It might be a narrow and niche list but Pittsburgh Steelers’ defensive tackle Cam Heyward was named Touchdown Wire’s best pass rushing two-technique over the holiday weekend. Author Doug Farrar named Heyward the top rusher from that position. A two-tech is a linemen who plays head over guard. Stephon Tuitt took the top spot as the best four-tech, who aligns head-up on the offensive tackle. And T.J. Watt was named the best wide-nine pass rusher.
Here’s what Farrar wrote on Heyward.
“Heyward has been one of the NFL’s best defensive linemen regardless of gap assignment for a long time, so it’s no surprise that he would show up somewhere on this list. In this case, it’s as the most productive pass-rusher from the 2-technique alignment — head over the offensive guard…Heyward had one solo sack, one combined sack, and a league-high 12 total pressures from the 2-tech alignment.”
As Farrar noted, Heyward led the NFL with 12 pressures from over-guard. He’s able to win with his power and one of the league’s most effective bull rushes. He’s able to counter off of that with rip and swim moves when tackles set and try to anchor on his bull or when his bull rush has been stalled out mid-play.
The Steelers were also effective in using him on stunts. He and Bud Dupree were among the top-stunting duo last season. Heyward himself perfected the art of the “pick,” but he also benefitted from it, too. Like this Week 1 pressure on Daniel Jones, looping over Dupree on his way to the quarterback.
Wherever the Steelers line him up, Heyward has been among the most dominant defensive linemen in football. But as he’s gotten more playing-time as a two and three-tech, and classified as a DT instead of a DE, his stats and recognition have shot up. He’s now made the Pro Bowl in his last four seasons and was named All-Pro in two of them, 2017 and 2019.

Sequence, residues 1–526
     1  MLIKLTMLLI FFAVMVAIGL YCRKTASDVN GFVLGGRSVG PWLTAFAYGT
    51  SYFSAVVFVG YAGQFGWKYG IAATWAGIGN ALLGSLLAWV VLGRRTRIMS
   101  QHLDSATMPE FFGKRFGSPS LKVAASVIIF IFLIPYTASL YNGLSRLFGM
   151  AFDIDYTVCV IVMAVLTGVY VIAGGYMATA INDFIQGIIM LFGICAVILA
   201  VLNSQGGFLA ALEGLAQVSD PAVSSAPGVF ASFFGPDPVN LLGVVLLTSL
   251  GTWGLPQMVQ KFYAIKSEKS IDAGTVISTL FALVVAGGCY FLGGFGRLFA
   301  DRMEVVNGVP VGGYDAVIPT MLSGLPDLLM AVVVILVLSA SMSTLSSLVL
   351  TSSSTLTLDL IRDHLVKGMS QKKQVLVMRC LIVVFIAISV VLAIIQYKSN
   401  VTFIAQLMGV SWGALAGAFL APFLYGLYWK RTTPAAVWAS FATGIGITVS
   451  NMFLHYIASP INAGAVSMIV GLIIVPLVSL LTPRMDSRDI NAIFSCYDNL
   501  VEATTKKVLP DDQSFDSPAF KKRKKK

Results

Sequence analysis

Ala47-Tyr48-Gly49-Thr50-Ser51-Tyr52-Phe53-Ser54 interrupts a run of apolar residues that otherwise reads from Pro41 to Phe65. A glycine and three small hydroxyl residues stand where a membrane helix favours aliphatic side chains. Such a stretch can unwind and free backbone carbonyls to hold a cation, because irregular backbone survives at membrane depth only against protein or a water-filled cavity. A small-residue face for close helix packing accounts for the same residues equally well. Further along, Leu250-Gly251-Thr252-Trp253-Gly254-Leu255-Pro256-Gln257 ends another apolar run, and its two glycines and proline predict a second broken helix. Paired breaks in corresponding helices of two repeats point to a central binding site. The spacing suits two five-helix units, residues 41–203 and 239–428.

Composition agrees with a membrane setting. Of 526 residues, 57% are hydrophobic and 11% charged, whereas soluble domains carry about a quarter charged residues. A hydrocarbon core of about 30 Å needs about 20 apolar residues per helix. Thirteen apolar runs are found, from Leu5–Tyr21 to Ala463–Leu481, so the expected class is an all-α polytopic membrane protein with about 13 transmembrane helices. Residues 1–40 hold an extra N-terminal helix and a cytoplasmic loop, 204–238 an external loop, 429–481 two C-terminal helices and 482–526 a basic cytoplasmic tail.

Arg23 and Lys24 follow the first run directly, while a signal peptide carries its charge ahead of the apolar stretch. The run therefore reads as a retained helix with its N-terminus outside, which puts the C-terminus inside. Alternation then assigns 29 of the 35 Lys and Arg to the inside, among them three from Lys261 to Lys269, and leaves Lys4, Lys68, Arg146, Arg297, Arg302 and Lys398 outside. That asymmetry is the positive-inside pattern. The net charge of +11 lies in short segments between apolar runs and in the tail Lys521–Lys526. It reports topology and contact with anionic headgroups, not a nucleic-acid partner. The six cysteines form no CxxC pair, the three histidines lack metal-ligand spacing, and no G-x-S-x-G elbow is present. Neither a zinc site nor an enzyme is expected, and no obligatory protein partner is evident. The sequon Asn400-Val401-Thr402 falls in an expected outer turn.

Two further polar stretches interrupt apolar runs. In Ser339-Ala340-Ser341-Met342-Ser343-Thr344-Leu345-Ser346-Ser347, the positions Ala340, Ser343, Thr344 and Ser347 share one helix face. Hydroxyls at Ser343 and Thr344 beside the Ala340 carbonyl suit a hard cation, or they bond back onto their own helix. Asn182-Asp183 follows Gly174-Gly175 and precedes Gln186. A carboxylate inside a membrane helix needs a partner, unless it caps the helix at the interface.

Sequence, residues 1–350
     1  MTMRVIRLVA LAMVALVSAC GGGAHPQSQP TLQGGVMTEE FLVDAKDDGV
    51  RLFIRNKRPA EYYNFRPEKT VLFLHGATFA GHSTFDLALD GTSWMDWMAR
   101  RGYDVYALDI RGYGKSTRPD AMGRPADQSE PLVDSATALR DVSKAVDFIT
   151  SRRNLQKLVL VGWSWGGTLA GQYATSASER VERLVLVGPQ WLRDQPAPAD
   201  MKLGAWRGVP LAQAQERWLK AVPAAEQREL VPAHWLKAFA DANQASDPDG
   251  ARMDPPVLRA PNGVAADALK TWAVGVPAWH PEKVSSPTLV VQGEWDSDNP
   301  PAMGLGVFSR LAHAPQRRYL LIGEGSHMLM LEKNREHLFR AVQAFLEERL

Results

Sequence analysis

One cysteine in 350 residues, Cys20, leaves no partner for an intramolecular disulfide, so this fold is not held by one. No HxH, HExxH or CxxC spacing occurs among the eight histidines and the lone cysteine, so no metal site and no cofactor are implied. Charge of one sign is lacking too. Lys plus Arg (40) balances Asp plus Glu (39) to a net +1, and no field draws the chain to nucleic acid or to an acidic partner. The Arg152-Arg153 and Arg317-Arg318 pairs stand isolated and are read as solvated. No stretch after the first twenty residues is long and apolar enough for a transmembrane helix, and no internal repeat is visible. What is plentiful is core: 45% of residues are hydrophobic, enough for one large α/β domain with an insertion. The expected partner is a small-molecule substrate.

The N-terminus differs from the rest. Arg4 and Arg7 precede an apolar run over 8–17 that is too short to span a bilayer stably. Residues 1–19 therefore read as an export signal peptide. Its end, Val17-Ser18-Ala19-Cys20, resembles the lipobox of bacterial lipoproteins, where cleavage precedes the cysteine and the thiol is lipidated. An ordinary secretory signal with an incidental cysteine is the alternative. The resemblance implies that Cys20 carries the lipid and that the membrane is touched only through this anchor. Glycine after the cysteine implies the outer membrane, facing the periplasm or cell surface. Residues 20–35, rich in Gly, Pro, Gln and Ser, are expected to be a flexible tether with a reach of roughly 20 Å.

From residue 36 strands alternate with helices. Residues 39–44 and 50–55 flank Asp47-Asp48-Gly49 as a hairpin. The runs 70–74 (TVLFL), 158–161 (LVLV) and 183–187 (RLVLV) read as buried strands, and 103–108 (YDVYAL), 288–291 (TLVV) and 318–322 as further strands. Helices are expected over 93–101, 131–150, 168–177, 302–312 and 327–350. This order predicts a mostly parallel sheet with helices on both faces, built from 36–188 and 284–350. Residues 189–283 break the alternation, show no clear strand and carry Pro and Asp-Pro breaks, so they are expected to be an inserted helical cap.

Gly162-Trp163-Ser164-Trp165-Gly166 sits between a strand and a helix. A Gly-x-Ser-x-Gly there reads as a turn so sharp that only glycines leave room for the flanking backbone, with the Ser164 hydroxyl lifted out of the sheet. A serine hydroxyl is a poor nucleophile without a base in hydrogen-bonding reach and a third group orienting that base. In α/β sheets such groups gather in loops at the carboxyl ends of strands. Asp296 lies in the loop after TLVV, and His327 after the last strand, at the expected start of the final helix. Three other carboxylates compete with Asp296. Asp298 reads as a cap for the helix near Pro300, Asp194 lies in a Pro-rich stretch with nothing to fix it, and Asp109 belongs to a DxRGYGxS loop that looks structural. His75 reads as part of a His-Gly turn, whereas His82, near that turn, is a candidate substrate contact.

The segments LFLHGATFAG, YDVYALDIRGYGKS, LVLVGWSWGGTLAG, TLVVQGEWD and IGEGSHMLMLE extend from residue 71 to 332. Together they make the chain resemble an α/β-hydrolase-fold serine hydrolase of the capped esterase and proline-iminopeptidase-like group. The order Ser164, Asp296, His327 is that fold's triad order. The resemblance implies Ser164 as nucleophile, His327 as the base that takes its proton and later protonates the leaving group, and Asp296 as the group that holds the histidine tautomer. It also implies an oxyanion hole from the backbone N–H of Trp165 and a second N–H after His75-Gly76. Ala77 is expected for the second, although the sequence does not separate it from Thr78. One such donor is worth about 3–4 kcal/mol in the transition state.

His 2020 stats were quieter, with just four sacks. He still recorded 19 QB hits and was part of a defense that yet again put up 50+ sacks. Heyward is one of the most well-rounded defenders with a combination of great run defense, pass rush ability, effort, and leadership.
He’s just two shy of becoming the fourth Steeler to reach 60 career sacks since the stat became official in 1982 (others like Joe Greene get unofficially credited for achieving that number). Of the official list, he’ll join James Harrison, Jason Gildon, and Joey Porter. Three more sacks will put him third all-time in Steelers’ official history. But T.J. Watt is hot on his heels and could join that 60-sack club this season. He’ll need just 10.5 sacks to do it.
Here’s what Farrar wrote on Tuitt.
“A straight-up 4-technique tackle lines up right over the head of the offensive tackle, and nobody doing that was more disruptive last season than Pittsburgh’s Stephon Tuitt, who amassed three solo sacks and nine total pressures in that role.”
Tuitt broke out for a career-high 11 sacks a year ago, finally matching his production to his talent. He and Heyward have formed one of football’s most dangerous interior duos. Here’s one of Tuitt sacks from his four-tech spot, splitting this double-team by the RG and RT against the Eagles last season. He turns the corner and chases down QB Carson Wentz.
Farrar named Watt the league’s best nine-tech, the widest rusher coming off the edge.
“Last season, both Cleveland’s Myles Garrett and Detroit’s Romeo Okwara both had 10 sacks from the “wide-9” alignment — one more than Watt’s nine — but nobody had more total pressures as a 9-tech than Watt’s 59. Both Garrett and Okwara had 41.”
Watt had a Defensive Player of the Year worthy season with a league-leading 15 sacks. He had 13+ sacks in each of the last three years. He’s only the second defender since 2010 to do that, joining Arizona’s Chandler Jones.
For four straight seasons, the Steelers have recorded 50+ sacks. If they reach that mark again in 2021, they’ll become the first defense to do it since the Lawrence Taylor-led Giants in the 80s. With guys like Heyward and Tuitt, odds are good they’ll achieve that goal.